Usage example output:

Uncovered area: 0   0   30  196
Uncovered area: 0   0   320 14
Uncovered area: 310 0   10  196

Constraints:

Default value : false
Valid values : true or false.

See also:

honor_workarea Honor the workarea. object properties
uncovered_areas Returns the list of screen(s) area which won't be covered by the wallpaper. object properties

Usage:

    -- Add some padding to the first screen.
    screen[1].padding = {
        left  = 30,
        right = 10,
    }
    
    local wall = awful.wallpaper {
        screen                = screen[1],
        honor_workarea        = true,
        honor_padding         = true,
        bg                    = "#222222",
        uncovered_areas_color = "#ff0000",
        widget =  wibox.widget {
            fit = function(_, width, height)
                return width, height
            end,
            draw = function(_, _, cr, width, height)
                local radius = math.min(width, height)/2
                cr:arc(width/2, height/2, radius, 0, 2 * math.pi)
                cr:set_source(gears.color {
                    type = "radial",
                    from  = { width/2, radius, 20  },
                    to    = { width/2, radius, 120 },
                    stops = {
                        { 0, "#0000ff" },
                        { 1, "#ff0000" },
                        { 1, "#000000" },
                    }
                })
                cr:fill()
            end,
            widget = wibox.widget.base.make_widget()
        }
    }
    
    -- Areas due to the padding and the wibar (workarea).
    for _, area in ipairs(wall.uncovered_areas) do
       print("Uncovered area:", area.x, area.y, area.width, area.height)
    end
🔗 uncovered_areas table
Returns the list of screen(s) area which won't be covered by the wallpaper.

When honor_workarea, honor_padding or panning are used, some section of the screen won't have a wallpaper.

Constraints:

Default value : This depends on the honor_workarea and honor_padding values.
Table content: : A list of area tables with the following keys:
x (number)
y (number)
width (number)
height (number)

See also:

honor_workarea Honor the workarea. object properties
honor_padding Honor the screen padding. object properties
uncovered_areas_color The color for the uncovered areas. object properties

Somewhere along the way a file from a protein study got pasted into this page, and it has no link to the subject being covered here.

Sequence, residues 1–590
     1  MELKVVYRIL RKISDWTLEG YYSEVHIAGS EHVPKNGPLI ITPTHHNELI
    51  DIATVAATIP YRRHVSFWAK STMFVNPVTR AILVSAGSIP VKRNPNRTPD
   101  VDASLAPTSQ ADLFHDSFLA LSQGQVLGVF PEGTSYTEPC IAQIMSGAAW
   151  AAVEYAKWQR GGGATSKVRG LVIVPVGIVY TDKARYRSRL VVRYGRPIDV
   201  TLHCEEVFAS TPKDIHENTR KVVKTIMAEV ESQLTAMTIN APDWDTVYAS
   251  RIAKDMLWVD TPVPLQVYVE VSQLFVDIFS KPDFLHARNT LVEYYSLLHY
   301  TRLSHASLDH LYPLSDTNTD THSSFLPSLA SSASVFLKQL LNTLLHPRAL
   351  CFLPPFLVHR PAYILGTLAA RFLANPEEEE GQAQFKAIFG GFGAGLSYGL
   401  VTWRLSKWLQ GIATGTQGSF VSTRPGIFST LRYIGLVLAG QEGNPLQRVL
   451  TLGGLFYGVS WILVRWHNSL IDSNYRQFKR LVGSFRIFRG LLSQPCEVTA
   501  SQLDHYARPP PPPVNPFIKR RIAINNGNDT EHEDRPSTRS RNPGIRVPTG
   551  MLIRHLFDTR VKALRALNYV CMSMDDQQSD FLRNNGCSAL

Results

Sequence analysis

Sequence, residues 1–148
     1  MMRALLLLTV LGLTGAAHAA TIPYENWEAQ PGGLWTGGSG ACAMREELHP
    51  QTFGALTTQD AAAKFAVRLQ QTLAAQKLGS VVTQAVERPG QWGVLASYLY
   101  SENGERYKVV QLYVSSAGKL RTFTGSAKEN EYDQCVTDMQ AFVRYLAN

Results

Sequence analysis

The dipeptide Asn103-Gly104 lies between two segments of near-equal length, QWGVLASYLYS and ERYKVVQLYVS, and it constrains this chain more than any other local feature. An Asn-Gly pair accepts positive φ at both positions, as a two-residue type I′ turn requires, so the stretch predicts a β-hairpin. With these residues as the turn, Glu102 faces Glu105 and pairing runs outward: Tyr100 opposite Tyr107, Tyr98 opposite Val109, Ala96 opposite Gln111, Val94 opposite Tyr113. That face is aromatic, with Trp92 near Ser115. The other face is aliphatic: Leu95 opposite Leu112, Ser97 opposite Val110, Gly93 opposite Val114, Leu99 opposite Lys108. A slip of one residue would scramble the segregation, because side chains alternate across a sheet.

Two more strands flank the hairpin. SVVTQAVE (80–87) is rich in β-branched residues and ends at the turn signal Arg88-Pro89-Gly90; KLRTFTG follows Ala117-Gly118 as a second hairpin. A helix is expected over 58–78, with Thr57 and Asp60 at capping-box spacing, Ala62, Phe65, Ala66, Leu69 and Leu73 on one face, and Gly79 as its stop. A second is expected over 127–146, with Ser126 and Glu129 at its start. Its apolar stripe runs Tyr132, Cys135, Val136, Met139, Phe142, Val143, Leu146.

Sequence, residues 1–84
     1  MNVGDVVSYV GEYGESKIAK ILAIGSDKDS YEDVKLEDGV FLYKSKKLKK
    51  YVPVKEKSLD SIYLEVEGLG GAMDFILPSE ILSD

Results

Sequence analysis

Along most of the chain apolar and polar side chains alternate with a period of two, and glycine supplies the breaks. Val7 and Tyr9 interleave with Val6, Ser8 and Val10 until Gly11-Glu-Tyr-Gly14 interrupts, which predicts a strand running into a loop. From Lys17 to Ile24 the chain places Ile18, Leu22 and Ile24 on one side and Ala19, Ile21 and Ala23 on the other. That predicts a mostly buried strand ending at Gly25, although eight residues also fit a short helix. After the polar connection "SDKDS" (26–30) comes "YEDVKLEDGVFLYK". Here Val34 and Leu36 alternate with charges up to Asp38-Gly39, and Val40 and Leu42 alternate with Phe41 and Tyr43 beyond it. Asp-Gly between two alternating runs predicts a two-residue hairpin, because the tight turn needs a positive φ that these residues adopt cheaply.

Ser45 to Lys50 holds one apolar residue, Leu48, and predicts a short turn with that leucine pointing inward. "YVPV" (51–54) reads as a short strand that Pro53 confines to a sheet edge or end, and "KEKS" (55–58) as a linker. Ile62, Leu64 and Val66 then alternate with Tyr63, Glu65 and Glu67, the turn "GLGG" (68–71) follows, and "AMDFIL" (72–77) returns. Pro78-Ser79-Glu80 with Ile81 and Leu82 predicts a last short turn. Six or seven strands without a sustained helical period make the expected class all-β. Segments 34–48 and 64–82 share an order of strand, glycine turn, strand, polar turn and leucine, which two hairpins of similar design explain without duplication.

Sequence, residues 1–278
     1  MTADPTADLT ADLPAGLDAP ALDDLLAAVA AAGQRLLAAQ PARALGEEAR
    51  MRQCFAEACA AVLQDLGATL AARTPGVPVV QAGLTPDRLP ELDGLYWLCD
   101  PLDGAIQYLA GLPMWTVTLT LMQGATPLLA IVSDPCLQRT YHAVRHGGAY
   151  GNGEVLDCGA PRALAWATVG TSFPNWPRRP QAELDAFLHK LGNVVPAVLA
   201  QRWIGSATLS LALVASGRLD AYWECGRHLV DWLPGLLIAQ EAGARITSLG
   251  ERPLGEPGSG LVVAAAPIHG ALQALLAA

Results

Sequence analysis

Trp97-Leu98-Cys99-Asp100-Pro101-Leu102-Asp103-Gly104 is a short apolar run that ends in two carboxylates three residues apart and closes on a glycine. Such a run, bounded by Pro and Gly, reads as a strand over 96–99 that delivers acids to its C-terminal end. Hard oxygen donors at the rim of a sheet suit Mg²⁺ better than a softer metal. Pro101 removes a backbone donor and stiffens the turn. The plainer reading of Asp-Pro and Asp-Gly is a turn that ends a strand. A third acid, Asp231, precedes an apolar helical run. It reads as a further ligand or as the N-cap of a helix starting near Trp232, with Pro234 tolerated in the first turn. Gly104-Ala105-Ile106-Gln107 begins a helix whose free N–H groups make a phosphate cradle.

🔗 uncovered_areas_color color
The color for the uncovered areas.

Some application rely on the wallpaper for "fake" transparency. Even if an area is hidden under a wibar (or other clients), its background can still become visible. If you use such application and change your screen geometry often enough, it is possible some areas would become filled with the remains of previous wallpapers. This property allows to clean those areas with a solid color or a gradient.

Constraints:

Default value : "transparent"
Type description:
string : An hexadecimal color code, such as "#ff0000" for red.
string : A color name, such as "red".
table : A gradient table.
cairo.pattern : Any valid Cairo pattern.
cairo.pattern : A texture build from an image by gears.color.create_png_pattern

See also:

uncovered_areas Returns the list of screen(s) area which won't be covered by the wallpaper. object properties
🔗 panning_area function or string

Defines where the wallpaper is placed when there is multiple screens.

When there is more than 1 screen, it is possible they don't have the same resolution, position or orientation. Panning the wallpaper over them may look better if a continuous rectangle is used rather than creating a virtual rectangle around all screens.

The default algorithms are:

outer: (default)

Draw an imaginary rectangle around all screens.

inner:

Take the largest area or either inner_horizontal or inner_vertical.

inner_horizontal:

Take the smallest x value, the largest x+width, the smallest y and the smallest y+height.

inner_vertical: